Bible Study: Man–A Vesel
One of the most significant truths of Scripture is that we were created to be vessels of the divine glory. If we fail to appreciate this fact and live from it as the basis of our very existence as Christians, we will find nothing but frustration and dissatisfaction. Knowing and accepting the fact that we are vessels of a spirit greater than ourselves will enable us to escape the twin traps of the devil, namely inferiority and low self-esteem on the one hand, and pride and superiority on the other. What we need is an appropriate evaluation of ourselves as selves–a truly humble picture of ourselves as created by God, without exalting ourselves or viewing ourselves as scum and dirt with no value whatsoever. How often we have swung between these two extremes! How often Satan has toyed with us and run us ragged because we don’t know or appreciate or frankly, out-right disobey God’s truth in these matters!
What, then, does it mean to be a vessel? Paul says that"in a large house there are vessels not only of gold and silver but also of wood and clay,some for noble use, some for ignoble. All who cleanse themselves of the things I have mentioned will become noble vessels, dedicated and useful to the owner of the house, ready for every good work."A vessel,then, is an instrumentor utensil that serves the purpose of the one using it.Paul’s point is that in God’s world we can be vessels for noble purposes–to express the pure gold of His divine character and love, or we can be ignoble, ordinary vessels like a garbage can or toilet. Both types of vessels serve the Master’s purposes; both, in some sense are necessary in God’s world. But wouldn’t you rather be a vessel of gold than a garbage can?
Of course we must guard against the idea that some vessels are intrinsically more valuable than other vessels. After all, anyone can be the vessel of gold or silver that Paul describes if they cleanse themselves of the evil deeds that Paul describes in the context. Also, anyone can be a garbage can or toilet if they allow Satan to continue expressing himself through them. In other words, it is not the vessel which is good or evil, but rather what it contains that makes the vessel noble or ignoble. So a vessel is also something that contains something else, like a drinking glass, for example. If I put water into the glass, it contains water, but if I put ink in the glass, it is a container for the ink.Although a container might be particularly beautiful or ugly,the purpose of the vessel is still only to contain, hold or express something other than itself.In the same way,Paul says that"we have this treasure in earthen vessels, that it may be clear that the surpassing power is from God and not from ourselves"(2 Cor. 4:7). The treasure is nothing less than the glory of Jesus Christ, the divine character of righteousness, goodness, love and power now revealed in us, the earthen vessels.
In John’s gospel,Jesus illustrates this truth with a parable and states that He is the vine and we are the branches, and that if we abide in him, we will bear much fruit, but apart from Him we can do nothing (John 15:5). The fruit–love,joy,peace, meekness, kindness, gentleness, faithfulness, self-control–these are all the fruit of God’s Spirit, the expression of Christ’s own character through us. Without the sap coming from the vine, the life-giving sap of the Spirit, we can do absolutely nothing good.For as Jesus says,"God alone is good"(Mark 10:18).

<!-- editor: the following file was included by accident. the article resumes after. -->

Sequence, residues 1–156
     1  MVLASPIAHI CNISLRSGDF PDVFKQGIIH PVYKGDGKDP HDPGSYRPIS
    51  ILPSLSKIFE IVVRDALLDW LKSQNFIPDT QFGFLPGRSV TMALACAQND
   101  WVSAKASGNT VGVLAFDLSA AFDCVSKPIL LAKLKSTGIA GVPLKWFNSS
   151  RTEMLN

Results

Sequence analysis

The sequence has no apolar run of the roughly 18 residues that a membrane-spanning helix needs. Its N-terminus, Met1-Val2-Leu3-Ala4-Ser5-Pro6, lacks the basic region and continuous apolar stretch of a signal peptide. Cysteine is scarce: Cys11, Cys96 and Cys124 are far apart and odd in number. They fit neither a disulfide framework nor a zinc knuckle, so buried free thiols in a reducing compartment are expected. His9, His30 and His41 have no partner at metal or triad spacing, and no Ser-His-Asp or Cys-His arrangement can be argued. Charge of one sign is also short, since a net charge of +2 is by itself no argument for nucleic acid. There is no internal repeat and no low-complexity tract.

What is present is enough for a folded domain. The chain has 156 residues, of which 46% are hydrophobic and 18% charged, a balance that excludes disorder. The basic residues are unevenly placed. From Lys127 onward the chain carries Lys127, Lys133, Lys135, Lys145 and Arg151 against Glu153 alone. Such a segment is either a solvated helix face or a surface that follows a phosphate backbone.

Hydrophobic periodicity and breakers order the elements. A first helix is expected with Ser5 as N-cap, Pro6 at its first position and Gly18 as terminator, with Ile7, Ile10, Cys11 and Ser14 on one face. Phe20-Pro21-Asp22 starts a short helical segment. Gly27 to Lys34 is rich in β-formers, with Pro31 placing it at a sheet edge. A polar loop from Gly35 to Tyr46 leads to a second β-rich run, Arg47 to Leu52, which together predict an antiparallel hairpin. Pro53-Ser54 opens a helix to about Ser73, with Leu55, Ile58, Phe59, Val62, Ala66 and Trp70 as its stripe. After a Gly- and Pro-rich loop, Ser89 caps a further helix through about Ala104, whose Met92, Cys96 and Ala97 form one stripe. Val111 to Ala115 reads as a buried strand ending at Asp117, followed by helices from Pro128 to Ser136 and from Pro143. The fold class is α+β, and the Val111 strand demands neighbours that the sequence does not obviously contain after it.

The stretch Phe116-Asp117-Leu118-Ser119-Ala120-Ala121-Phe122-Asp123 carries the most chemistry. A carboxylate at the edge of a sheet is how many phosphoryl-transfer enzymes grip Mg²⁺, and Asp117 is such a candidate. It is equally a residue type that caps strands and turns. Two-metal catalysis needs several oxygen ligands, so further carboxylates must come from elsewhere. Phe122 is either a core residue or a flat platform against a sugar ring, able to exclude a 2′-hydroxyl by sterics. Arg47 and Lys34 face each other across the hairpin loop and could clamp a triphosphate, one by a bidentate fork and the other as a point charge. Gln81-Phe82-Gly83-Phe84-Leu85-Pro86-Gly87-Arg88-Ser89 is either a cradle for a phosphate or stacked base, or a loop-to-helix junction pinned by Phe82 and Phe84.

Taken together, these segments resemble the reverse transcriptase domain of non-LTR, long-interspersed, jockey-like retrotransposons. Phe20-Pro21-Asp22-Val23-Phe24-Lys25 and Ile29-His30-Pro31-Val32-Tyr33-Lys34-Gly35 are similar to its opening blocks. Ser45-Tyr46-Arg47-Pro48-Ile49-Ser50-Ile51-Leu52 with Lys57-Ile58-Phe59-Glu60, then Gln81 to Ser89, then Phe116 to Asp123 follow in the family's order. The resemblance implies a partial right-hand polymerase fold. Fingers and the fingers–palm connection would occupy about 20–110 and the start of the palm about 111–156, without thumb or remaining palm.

We were created to be containers of God’s abundant goodness, constantly overflowing to others through us. This is what it means to be created in God’s image (Gen. 1:26)–not that we would be like God–that was Satan’s lie–but that God would dwell in us as His images. In the civilizations around ancient Israel,the purpose of an image or idol was not merely to give a picture of what the god looked like, rather the god was actually under-stood to dwell in the idol–the idol made the presence of the god real to his worshippers. But God has no need of gold or stone idols–He created people to be His idols–people in whom to dwell and express His character and presence in the world.
But you might object:"I am not just a container; I am a person!"And of course you are. Unlike a cup or container we have the capacity to choose which spirit fills us and operates us. The point of the vessel-container imagery is to focus our attention on the fact that good and evil do not originate within ourselves–we are operated by a spirit greater than our-selves. The choice we have is whether to continue giving ourselves over to Satan for his misuse or give ourselves over to Christ that He might use us for the purpose for which we were created: to be images of God, expressers of His glory.
Most believers recognize that we have Christ dwelling in us (Col. 1:27). But what is often ignored and rejected is that we have been vessels of sin, of Satan, as much as we are vessels of Christ now.Jesus says that"you are children of the devil and his desires you do"(John 8:44). Also,"He who sins is of the devil": that is, they have their spiritual source in the devil, as a well-known scholarF.F.Bruce has written. So all the time we were living lives of sin, it was not in fact merely us who were sinning,but Satan producing His sinful evil desires in us, expressing His nature and lusts. So Paul says:"it was no longer I who did it, but the sin dwelling in me who did it"(Rom. 7:17,20) and speaks of how the prince of the power of the airis the spiritwho operates in the children of disobedience (Eph.2:2). Just as the Holy Spirit of Christ indwells the body of Christ who gives freedom (Rom. 8:9-11; 1 Cor. 12:13; 2 Cor. 3:17), so there is a spirit of the world (1 Cor. 2:12) who enslaves (Rom. 8:15).